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Anyone Can Teach Yoga. Not.

Yoga

Fitness

Anyone Can Teach Yoga. Not.

Caution: Fancy studios kill the back. Here’s what you should know before jumping on the yoga wagon.

Don’t we all have at least one friend who will walk into a drinking binge and play the polite party-pooper with tales of detox and general transcendence? And as if that isn’t enough of a bummer, there are foreign tourists who fly all the way to India (no, really, countries such as Denmark and Chile are a bit out of the way) to learn yoga. They’re possibly wondering if every Indian isn’t bending backward doing Surya namaskars instead of making breakfast.

To be fair, some of us do practice yoga. But there is an even larger number of people for whom the first class itself falls flat. Rahul Sharma, a 27-year-old iOS developer from Delhi, recalls his experience: “I have had back issues all my life, and each time it ached someone in the room would recommend yoga. So I thought okay, let’s give this thing a try before I say to hell with it, and I enrolled myself in a class in the neighborhood. You know what happened? I ended up with a back pain that took a month of physiotherapy to fix.”

With everyone from Modi’s cronies to Goa’s cops switching to it, and with one teacher for every neighborhood in the cities, yoga can in fact be rather stressful even before it begins. It is extremely important to find the right fit, and to not land up in an amateur’s class or a class led by a teacher who has more important things in mind than explaining the basics to students.

As far as cities go, the most common institute names include Iyengar’s and Ashtanga, both of which are extremely good at their training and modulation. However, if it is the neighborhood hunk or hot auntie offering classes in a glossy studio, we suggest a good think before you leap.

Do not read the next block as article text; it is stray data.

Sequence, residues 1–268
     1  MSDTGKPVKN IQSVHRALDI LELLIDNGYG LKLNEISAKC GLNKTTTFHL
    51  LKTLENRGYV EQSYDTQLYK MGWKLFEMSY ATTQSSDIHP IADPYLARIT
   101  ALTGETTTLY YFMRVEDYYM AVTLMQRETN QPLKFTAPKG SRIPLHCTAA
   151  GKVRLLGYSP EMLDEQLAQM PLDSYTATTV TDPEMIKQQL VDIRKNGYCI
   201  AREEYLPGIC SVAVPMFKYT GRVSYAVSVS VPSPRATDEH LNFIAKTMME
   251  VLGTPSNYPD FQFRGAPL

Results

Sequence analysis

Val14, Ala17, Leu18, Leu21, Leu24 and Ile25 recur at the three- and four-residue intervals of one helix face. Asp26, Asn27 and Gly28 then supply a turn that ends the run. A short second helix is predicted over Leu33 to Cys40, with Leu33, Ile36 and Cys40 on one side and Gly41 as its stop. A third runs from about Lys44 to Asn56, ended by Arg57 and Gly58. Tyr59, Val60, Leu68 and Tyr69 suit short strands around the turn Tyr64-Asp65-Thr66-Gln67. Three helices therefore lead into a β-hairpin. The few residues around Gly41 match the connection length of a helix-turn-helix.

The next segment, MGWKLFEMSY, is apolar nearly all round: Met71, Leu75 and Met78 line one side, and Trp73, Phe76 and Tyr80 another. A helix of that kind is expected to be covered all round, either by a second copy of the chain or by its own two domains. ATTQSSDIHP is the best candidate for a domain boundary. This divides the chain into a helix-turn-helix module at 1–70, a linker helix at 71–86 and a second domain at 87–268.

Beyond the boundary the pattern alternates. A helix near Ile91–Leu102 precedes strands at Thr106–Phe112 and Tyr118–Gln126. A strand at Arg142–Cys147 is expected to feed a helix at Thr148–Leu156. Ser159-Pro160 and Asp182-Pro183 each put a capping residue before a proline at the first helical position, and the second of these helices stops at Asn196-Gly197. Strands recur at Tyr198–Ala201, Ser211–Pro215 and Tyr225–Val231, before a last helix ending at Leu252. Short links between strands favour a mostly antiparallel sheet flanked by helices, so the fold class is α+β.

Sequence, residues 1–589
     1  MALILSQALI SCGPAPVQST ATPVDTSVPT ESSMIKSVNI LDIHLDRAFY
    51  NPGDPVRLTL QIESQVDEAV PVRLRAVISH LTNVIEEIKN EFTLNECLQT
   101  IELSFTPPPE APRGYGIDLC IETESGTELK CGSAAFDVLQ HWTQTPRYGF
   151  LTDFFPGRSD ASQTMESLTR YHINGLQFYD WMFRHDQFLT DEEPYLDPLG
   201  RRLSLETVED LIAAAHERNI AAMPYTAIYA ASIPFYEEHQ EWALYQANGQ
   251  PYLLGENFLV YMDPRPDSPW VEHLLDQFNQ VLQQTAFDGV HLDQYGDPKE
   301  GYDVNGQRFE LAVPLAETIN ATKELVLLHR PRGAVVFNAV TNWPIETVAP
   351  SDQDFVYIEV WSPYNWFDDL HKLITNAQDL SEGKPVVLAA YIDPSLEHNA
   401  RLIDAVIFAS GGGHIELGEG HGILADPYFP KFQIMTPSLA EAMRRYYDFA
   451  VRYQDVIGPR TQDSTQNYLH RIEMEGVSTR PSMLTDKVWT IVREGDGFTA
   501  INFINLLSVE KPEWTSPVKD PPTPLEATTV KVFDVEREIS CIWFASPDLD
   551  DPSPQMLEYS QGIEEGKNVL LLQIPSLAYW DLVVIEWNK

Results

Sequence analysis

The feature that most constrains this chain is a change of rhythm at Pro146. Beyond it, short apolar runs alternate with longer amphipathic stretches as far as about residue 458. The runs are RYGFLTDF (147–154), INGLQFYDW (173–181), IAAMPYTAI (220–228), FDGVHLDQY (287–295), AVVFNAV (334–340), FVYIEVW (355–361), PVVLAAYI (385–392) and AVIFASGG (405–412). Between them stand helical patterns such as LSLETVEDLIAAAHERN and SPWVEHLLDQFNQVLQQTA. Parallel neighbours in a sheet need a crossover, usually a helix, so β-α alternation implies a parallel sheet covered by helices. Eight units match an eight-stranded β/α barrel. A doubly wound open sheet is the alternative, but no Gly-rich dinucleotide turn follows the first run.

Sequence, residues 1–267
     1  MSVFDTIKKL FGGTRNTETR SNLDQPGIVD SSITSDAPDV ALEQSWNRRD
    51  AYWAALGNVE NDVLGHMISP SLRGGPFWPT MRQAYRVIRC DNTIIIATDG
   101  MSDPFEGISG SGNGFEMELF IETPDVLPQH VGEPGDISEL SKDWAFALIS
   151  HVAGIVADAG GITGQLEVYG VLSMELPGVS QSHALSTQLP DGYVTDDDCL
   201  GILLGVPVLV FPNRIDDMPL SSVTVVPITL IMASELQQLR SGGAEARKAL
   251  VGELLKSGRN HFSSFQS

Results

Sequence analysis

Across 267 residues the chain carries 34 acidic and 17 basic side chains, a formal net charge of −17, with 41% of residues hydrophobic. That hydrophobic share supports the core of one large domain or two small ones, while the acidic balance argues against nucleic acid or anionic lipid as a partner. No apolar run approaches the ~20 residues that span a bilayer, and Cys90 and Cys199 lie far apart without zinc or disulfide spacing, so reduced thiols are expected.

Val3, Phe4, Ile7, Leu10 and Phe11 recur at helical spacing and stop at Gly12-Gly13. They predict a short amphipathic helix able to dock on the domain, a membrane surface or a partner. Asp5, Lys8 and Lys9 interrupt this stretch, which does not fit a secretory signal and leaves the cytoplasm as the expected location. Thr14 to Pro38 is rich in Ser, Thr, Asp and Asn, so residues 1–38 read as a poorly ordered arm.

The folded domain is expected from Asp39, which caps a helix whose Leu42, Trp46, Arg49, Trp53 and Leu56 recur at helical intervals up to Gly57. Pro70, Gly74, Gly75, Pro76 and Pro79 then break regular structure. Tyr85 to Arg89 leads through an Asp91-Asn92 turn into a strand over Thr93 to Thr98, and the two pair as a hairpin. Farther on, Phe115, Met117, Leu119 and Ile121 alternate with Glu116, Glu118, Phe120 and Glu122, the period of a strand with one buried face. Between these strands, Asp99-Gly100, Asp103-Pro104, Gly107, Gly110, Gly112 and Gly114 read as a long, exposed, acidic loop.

Firstly, it doesn’t harm to go for a feeler. Most yoga institutes have introductory classes that give a fair idea of how the actual lessons are going to be. Hang around outside a popular class and have a chat with the students that are already enrolled.

Angeera, a 30-year-old musician who attends Iyengar’s classes in Lower Parel, Mumbai, says, “The first classes I took jumped straight from inhaling-exhaling to hardcore asanas that involved standing upside down. Until I went to Rishikesh and took a proper one-month intro course I never knew the whole technique is different from the shortcuts promised by city studios!”

If at all you intend to begin exploring yoga at home, start with basic breathing exercises and not the severe bending feats which, like it or not, are best tried with an instructor. For if anything, yoga does not promise instant salvation. It is a lifelong practice involving rigor and discipline, and the best way to approach it is by knowing that there are no shortcuts.

Unless, of course, we get something like this.

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Mineli Goswami is a 24-year-old Assamese-East Indian, which usually translates into pretty good weekend feasts. When she’s not at her desk struggling with poetry – more often than she’d like – she’s seen wasting time on an assortment of things such as lugging an antique SLR, breaking nails climbing boulders, and chasing turtles. She’s graduated in history and has an unofficial PhD in Bandra-style jiving.

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